Meanwhile, deep in the pars compacta of the substantia nigra, something was killing the dopaminergic neurons. But what? Brady Kinesia knew, but he wasn’t talking….
What’s inside stays inside most of the time. The body’s goings on are as mysterious to me as the fine print in a pharmaceutical ad, or the workings of a computer. But sometimes messages surface, indicating that the norm has changed.
About a year and a half ago, I went to a neurologist in Cambridge with a narrative about my left hand. It didn’t seem to be as quick on the uptake as my right hand. For instance, after it finished setting down a bottle of seltzer, it didn’t seem to know it could let go of the bottle. It was sort of sweetly befuddled. At the keyboard, it tended to lie on the left-hand keys, occasionally causing unwanted commands, while righty moved way the hell past centerfield to take charge of most of the letters. Then there were these periods of general slowness, especially in the kitchen when Carol was zipping around getting dinner ready. I’ve always been on the slow side—the dreamy kid, the distracted ambler—but this was not the result of distraction, more of a disinclination.
The doctor looked me over, had me do a number of movement tests (touching my nose with eyes closed, flying out my fingers on command, etc.) and then said, a bit circumspectly, “What you’re describing is similar to the stories that people tell who have Parkinson’s disease.” Five months later, I came back to see him with the same stories. This time he was pretty sure that I was one of those people.
The average age when people are diagnosed with Parkinson’s is sixty, which was exactly my age at the time. I felt both consoled to be joining a statistical club, and pissed off that I had stepped in it. Interesting that the brain had the thing probably years before it became wise to itself, like finding a bill that had been buried in a pile of New Yorkers. Now it was just getting around to telling me (“Been meaning to give you this…”). And now I’m just getting around to telling some of you.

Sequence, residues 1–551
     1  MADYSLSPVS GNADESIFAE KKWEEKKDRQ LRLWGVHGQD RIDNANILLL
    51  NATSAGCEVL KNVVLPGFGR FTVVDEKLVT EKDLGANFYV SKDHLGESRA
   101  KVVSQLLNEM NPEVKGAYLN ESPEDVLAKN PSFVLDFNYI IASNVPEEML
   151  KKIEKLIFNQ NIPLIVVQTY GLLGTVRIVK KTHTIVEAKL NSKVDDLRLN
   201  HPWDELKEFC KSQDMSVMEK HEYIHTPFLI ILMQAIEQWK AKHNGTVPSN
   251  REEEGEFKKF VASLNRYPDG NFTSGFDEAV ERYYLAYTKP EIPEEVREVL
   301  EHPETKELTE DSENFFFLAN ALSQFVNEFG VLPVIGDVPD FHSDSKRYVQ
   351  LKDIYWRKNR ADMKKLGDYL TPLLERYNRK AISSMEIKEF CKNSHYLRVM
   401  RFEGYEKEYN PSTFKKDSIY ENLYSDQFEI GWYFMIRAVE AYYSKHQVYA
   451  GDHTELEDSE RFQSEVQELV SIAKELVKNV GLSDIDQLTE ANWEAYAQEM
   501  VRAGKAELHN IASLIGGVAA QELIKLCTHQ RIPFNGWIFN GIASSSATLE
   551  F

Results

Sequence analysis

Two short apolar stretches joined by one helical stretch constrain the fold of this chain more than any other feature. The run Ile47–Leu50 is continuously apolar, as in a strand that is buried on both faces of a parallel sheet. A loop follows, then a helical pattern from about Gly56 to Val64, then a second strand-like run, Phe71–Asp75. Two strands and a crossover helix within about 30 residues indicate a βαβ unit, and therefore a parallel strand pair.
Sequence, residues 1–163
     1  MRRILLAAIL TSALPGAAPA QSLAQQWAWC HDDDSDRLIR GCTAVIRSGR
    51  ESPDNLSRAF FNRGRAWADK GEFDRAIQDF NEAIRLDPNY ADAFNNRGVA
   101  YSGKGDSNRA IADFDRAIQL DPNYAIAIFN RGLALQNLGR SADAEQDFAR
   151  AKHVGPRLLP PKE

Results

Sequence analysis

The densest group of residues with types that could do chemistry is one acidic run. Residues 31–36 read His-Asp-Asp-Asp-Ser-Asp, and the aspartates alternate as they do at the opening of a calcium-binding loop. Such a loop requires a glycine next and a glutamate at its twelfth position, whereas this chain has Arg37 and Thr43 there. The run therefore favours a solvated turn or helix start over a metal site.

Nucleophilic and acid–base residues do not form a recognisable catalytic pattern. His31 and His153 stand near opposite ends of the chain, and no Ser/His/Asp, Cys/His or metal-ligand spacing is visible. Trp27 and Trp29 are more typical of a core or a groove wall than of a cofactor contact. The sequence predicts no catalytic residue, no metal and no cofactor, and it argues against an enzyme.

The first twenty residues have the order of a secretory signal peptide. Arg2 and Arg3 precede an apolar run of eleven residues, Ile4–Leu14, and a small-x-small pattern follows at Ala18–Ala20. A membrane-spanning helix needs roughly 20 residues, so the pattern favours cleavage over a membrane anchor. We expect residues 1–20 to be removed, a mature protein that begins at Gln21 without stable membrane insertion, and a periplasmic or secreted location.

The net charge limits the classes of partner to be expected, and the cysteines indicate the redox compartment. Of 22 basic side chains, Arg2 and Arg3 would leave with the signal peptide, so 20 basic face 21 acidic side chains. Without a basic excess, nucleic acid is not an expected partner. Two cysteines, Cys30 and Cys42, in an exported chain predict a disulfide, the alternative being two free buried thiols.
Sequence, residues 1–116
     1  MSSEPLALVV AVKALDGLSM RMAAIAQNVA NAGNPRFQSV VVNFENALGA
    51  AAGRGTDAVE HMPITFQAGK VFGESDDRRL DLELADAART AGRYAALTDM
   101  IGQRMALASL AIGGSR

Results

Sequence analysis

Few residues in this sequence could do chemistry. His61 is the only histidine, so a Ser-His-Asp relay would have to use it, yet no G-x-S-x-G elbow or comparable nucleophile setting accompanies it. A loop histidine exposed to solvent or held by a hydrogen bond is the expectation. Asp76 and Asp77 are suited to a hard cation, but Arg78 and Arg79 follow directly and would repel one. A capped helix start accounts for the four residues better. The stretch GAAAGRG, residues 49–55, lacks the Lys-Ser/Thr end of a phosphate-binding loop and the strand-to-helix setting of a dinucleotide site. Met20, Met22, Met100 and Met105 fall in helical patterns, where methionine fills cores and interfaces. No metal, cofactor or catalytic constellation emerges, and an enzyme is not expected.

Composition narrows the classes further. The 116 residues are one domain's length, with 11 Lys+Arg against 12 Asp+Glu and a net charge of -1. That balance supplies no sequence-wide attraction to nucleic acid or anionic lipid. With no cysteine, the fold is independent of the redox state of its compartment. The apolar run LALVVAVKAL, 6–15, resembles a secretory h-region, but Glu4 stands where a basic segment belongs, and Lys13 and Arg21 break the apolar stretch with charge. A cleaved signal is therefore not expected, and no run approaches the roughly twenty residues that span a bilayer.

What does this have to do with an almanac, a blog of days? It is, I guess, the old thing. How surprising it is when it comes up. We baby boomers tend to take our nickname seriously. We’re a bunch of kids and always will be. (Maybe every generation feels that way, but I doubt it. We wear baseball caps; they wore fedoras.) This is not such a bad thing. I saw it at my college reunion: the 22-year-olds in the 62-year-old bodies, balancing dignity on a foundation of lunacy. But it means that owning one’s Parkinson’s disease (or other evidence of aging) is a slow process. I have it, they said. And I believe them. But it’s like accepting a house guest you don’t know very well, some distant cousin. You change the sheets, make up the guest room, and you can hear it snoring and it doesn’t put the milk away. But it’s not going to leave, despite the hints you might drop about it maybe visiting some other cousin. And gradually, somehow, you accept the fact that this bizarre guest is you, or at least yours. Which means it’s not so bizarre, because you’re not so bizarre. Not to yourself.
So you go about clothing that invisible thing, the diagnosis, in new habits and information. Like remembering to take the afternoon pill. And fitting a half hour of exercise into the day: riding the road of NPR on the Nordic Track; walking the hills of Arlington with no destination, but briskly; doing a minute of jumping jacks as if being pursued by the crewcut ghost of Coach Peasinelli. There are also newsletters people mail me, symposia every other month (Boston being the Center of the Medical Universe), and news of Encouraging Developments in the media, because this is a high-profile disease with two enormously popular and well-loved people who have it, Muhammad Ali and Michael J. Fox.
Of course the exercise, the seminars, even this post, are all on the outside looking in. It couldn’t be otherwise. I wouldn’t want to book space on an Elderhostel cruise through my body to follow the Carbodopa and Levodopa to my brain.
For now I will use my goofy left hand, Gaucho, as my chief informer and intermediary. And my right hand, Dexter, will, when necessary, give his brother a spontaneous hug.
In other news, our tree is looking particularly beautiful these days. We adopted it from the Town of Arlington in a plant-a-tree program about four years ago. Then it was just a skinny maple sapling with a ball of roots and bound branches. We chose a bare stretch of ground between the sidewalk and street in front of our neighbors’ house. Their son Lucas was four, and he helped water it. It needed a lot of watering that first year, and our neighbors took on that task way more than we did. So it’s at least as much their tree as it is ours. But I still feel a paternal pride when I walk by it. It’s got to be about twenty feet tall now, with a four-inch trunk and a big crown of seasonably red leaves spreading in all directions. That’s my tree, I think, even though I kind of know it’s its own tree now. A young adult tree, with birds in its branches and groundwater in its roots. I don’t think it knows me from any other passerby on Andrew Street. But I bet it knows Lucas.